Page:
ESPN The Magazine
Raising the lid on the darker side of fan fashion 
Andrew O'Reilly
Updated: March 10, 2011, 1:25 PM ET

So what's the part you don't get?

Read this from the North Carolina Gang Investigators Association and take an aspirin:
You're welcome.

Starving for self-esteem?
Buy a black & white cap! 
Yes, that's the ticket!

In 2008, in Season 4, Episode 7 of TNT's The Closer, in an episode titled "Sudden Death," the younger brother of Det. Julio Sanchez is killed on the sidewalk near his home while his older brother is off-duty, busy working on his car in the driveway. 
We quickly learn that the younger brother had been killed while talking to a girl for the simple crime of wearing a ball cap with colors of a rival gang. 
A ball cap given to him by his older brother for his birthday, to Det. Sanchez's everlasting sorrow.
Video of Brenda's interrogation at: http://youtu.be/rK_lVXoh84k

This is by far one of the best episodes of this great TNT series I never miss, whose final six episodes air this summer, starting July 6th.

But this sort of fictional treatment of countless real episodes apparently doesn't compute in the minds of the apologists for the rapper-turned-sports owner.
They don't want to acknowledge what we already know.
I guess it just hurts their feelings that they're on the wrong side of the slippery slope, but then given how much sycophantic coverage this rapper gets from the mainstream media, it's not so surprising.

Yes, it's not your imagination, you really haven't seen anything on Entertainment Tonight about the conscious decision by him and his team to use that color scheme because ET wants to remain a "talent-friendly" venue for celebs, the publicist's friend, not one where actual public criticism of entertainers is ever given, unless it's of one celeb against another, in which case it's golden.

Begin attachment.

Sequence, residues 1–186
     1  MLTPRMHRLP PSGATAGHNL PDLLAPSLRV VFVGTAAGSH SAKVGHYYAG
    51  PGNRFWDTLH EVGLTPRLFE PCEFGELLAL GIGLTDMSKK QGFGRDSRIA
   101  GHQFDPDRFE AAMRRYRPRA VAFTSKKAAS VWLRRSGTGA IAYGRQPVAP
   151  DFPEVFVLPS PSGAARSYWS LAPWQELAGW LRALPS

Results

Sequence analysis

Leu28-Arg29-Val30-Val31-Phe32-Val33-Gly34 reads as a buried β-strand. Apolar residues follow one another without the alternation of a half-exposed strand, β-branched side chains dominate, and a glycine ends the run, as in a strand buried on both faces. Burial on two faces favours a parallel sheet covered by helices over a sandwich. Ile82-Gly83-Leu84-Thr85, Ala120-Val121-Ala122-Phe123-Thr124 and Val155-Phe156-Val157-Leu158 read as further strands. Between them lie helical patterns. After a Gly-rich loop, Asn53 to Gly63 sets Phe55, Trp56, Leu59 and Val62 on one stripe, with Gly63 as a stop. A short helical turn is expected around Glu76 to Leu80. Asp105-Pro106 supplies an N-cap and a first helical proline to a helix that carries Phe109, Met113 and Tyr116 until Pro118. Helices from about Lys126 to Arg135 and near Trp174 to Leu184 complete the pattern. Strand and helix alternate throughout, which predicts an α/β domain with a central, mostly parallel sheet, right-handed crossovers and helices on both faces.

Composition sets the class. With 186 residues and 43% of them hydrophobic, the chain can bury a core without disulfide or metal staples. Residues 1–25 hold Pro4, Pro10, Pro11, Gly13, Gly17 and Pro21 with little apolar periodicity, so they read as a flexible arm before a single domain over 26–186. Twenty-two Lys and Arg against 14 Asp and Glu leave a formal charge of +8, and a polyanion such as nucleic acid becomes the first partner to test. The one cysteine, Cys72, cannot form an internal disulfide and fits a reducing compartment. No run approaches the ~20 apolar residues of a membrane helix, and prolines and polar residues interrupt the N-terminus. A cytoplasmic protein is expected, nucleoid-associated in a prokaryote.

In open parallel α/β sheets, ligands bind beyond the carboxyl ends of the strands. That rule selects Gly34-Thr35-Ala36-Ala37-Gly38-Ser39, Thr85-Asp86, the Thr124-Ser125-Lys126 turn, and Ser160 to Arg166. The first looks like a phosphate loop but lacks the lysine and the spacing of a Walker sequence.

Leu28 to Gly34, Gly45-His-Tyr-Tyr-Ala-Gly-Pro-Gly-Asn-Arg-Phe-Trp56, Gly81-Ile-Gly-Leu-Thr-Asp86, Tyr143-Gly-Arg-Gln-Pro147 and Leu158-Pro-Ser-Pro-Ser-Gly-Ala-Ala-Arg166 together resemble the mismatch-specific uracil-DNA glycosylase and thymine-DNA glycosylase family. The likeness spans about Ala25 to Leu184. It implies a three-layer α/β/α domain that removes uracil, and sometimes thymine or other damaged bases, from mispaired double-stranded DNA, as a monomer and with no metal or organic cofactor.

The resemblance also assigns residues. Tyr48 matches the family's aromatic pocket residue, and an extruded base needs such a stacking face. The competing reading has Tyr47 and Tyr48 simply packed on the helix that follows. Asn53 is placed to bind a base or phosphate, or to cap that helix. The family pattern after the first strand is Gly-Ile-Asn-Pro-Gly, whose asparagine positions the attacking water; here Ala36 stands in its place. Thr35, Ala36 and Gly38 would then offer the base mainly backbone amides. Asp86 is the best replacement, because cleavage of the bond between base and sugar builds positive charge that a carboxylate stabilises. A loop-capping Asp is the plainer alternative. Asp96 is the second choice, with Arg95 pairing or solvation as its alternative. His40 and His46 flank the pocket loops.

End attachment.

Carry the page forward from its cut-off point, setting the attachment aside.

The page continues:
After all, if they did ever entertain the thought of actually asking him to explain why they made that choice, then the more-mainstream Beyonce wouldn't be available to them, so they just keep their blinders on so they don't have that become a possibility.

Which, of course, is why Phil was correct in saying, "I plan to continue to argue against the negative racial and ethnic stereotyping and the promotion of mindless violence, especially to the young and most vulnerable.

I remember over twenty years ago when I first had to explain the reality of this phenomena of criminal gangs and sports logos to my mother while I was down here one year from D.C. for the Christmas holidays, before the Marlins ever existed.

She was driving me in her car thru the Coconut Grove area -where my family had spent so many sunny summer weekends when I was younger in the '70's, usually over at Peacock Park-  and we were talking about things that used to be there when she suddenly turned to me and said she couldn't figure out why so many African-American kids in Miami would be wearing black & white LA Raiders and Chicago White Sox caps.

Me having been such a huge sports fan while growing-up, it was not at all surprising that she recognized the caps when she saw them, but I was actually laughing after she asked because I thought it was common knowledge what the reason was, and everything else being equal, my mother was usually much better-informed than the average person, so this struck me as very 

When I began explaining it to her, she actually thought I was exaggerating, despite how many examples I could give her, esp. via the gang use of the Georgetown Hoyas' "G" in places very far from D.C., like Chicago.
Something I knew from actually living there in the mid-1980's, as it happens, for a year, next to the offices of Inside Sports magazine near downtown Evanston.

The sort of writing device that Mushnick employs here is regularly employed by many non-sports columnists around the country, particularly among liberal columnists, but they seem to think it's okay when they do it, not so much when the shoe is on the other foot.